I'm building a webApp and I'm facing a discussion with my client about the searching function of the app, the main porpouse of the webApp is to find houses to buy/rent.

Currently the search function works like this:

  • The user select a city from a dropdown menu, this dropdown will only contain city names and the user can't type anything else but a city name. The city name that appear in the dropdown are taken from our data-base and will be displayed in the dropdown only if it has at least one building registered, so only cities with valid buildings will be displayed. It also has an auto-complete function to show results based on what he's typing, see image:

    enter image description here

  • After the user select the city he'll go to a page with all the results from that city and on the left side there is a list of filters. Then, the user can apply all the filters he wants and the results are shown in real time. Depending on what type of building he select, the filter will be different. For house is one, apartment is other, and so on.. See image:

    enter image description here

Why I'm using it?

First of all, in this scenario, it's hard to have an user searching for a house in multiple cities, so instead of showing all the results, the webApp will show only results in that specific city (or even by distance, if the user wants to fill an address or point in map - other function).

Also, if he's typing in the search, for example: "House with 2 bedrooms and 1 suite", if there is no results, he´ll need to think again in other search phrase, or even rethink the house specifications he wants.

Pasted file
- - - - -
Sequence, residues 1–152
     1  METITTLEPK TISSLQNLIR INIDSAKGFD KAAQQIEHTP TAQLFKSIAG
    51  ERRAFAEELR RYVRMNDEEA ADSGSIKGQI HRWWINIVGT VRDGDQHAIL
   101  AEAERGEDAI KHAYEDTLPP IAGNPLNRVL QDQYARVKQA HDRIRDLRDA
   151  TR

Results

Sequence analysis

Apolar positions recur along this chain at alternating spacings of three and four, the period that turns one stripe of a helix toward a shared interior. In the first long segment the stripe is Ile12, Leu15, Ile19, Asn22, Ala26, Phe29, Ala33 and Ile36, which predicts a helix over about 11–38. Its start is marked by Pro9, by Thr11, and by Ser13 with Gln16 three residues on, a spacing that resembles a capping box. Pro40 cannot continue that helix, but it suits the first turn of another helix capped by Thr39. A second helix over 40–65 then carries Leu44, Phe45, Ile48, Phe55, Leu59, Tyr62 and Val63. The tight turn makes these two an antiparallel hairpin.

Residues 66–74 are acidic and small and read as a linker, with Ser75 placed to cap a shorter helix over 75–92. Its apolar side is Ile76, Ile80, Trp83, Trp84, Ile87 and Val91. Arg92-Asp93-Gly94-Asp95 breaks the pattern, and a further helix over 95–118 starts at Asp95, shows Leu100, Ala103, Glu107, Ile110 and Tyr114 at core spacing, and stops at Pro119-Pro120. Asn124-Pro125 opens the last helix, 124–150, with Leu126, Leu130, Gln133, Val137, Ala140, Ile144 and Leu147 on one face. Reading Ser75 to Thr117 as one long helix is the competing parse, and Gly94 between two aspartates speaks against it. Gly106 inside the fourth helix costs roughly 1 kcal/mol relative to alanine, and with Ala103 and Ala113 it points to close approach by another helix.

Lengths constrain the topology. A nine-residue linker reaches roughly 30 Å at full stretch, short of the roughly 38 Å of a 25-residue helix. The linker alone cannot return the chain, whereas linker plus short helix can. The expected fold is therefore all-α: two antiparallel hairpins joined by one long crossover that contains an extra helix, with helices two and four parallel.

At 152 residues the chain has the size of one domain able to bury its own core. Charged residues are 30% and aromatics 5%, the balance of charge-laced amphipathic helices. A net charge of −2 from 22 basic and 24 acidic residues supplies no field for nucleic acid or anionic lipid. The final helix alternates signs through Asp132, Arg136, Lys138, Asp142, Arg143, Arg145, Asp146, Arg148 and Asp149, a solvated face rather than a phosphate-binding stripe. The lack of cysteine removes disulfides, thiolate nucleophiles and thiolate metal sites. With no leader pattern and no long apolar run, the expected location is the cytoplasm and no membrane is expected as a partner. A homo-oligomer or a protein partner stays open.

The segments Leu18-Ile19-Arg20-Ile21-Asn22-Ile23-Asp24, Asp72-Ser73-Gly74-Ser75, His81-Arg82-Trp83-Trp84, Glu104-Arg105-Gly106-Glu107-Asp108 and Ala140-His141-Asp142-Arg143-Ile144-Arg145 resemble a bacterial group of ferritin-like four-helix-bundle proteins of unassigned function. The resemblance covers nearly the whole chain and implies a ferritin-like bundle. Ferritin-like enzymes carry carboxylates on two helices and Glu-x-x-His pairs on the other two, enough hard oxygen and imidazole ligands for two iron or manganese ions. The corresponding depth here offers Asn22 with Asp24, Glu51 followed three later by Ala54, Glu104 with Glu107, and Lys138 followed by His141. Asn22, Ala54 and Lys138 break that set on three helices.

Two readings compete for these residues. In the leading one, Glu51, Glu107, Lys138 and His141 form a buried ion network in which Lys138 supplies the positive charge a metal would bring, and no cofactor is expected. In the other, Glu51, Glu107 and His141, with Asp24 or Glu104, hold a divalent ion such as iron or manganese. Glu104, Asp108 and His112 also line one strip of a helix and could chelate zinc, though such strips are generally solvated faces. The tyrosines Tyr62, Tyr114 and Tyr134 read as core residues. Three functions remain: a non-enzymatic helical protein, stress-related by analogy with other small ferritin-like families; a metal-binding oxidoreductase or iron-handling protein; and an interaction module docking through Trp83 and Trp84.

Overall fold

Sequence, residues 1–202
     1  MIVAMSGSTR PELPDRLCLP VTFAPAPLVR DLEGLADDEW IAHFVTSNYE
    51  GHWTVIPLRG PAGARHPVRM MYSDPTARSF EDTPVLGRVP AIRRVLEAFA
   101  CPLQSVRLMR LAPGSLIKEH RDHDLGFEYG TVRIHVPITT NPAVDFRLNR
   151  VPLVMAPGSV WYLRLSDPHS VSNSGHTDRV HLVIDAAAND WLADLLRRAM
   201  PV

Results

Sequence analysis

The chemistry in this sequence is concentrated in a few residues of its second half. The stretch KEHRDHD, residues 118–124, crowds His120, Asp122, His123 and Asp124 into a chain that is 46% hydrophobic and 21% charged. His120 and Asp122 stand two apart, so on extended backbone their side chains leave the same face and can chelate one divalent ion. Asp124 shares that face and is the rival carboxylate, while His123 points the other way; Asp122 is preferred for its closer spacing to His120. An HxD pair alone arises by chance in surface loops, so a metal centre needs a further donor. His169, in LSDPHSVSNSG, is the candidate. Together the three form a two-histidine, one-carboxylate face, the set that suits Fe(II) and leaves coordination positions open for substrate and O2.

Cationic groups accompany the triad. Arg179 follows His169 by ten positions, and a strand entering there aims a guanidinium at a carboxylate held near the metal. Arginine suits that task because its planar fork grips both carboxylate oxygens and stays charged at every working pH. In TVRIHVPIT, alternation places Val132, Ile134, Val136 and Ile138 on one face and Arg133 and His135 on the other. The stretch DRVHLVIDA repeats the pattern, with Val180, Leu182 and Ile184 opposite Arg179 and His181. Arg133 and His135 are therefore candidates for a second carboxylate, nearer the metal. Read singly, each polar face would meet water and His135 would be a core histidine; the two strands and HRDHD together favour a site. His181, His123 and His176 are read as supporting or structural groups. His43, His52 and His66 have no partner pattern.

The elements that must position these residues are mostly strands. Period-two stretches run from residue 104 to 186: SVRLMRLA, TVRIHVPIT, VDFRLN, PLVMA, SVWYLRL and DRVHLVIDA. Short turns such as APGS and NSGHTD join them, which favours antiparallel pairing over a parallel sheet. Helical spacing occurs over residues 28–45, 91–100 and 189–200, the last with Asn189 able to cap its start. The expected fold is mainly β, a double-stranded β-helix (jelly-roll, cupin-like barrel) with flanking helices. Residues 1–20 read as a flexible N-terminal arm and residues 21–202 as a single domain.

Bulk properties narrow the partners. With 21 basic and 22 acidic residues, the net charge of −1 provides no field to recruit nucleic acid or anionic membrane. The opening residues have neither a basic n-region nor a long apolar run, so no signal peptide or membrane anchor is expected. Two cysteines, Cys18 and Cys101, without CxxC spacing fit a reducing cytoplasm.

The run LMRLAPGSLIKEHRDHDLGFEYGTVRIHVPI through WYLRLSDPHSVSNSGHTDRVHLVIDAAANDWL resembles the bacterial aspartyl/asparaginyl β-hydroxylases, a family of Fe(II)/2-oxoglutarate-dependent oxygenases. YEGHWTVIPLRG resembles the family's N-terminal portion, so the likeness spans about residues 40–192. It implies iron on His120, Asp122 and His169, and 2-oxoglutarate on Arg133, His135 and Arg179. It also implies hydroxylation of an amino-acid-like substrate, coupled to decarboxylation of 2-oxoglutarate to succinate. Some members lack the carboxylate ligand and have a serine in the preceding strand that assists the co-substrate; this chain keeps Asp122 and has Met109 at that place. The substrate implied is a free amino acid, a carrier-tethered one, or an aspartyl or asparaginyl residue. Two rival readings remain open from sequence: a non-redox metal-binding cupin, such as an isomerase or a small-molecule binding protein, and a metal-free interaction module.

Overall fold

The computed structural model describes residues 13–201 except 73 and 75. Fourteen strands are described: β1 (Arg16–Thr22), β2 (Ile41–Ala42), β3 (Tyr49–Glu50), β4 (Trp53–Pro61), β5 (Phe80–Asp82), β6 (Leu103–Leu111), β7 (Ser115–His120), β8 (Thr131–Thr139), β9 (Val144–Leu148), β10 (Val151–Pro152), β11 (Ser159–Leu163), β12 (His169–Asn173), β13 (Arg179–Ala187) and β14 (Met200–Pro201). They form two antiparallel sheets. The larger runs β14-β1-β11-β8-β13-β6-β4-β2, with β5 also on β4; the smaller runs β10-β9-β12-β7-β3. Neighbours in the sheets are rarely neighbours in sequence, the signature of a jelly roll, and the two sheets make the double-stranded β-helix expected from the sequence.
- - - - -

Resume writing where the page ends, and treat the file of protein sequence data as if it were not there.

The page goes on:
With a guided search, the user will search only in that city (region) and the filter options only shows up if there is any building with that requirement.

I don't need to make the user rethink the house, the phrase or what he'll search if there is no result, or if he had a typo in the search field. All the possible filters only exists if there is a house with that configuration.

What the client says?

Although I tried to explain this to my client, he insists we´ll save user's time if the search function is based on what the user type, because we show only what he's looking for.

What do you guys think about this? Is this type of guided search really a better way to filter the results? Or the old and commom search function still at the top when we need to filter large set of data?

3 Answers 3


For highly-structured content, like houses and appartments, the approach of leading user towards the desired result is more successfull strategy, compared to free-text search.

And it's your task, as an designer, to build the appropriate UI for implementing this strategy. So that the UI will support the "don't-make-me-think" user flow.

Let's compare the initial screens:
Screen 1
enter image description here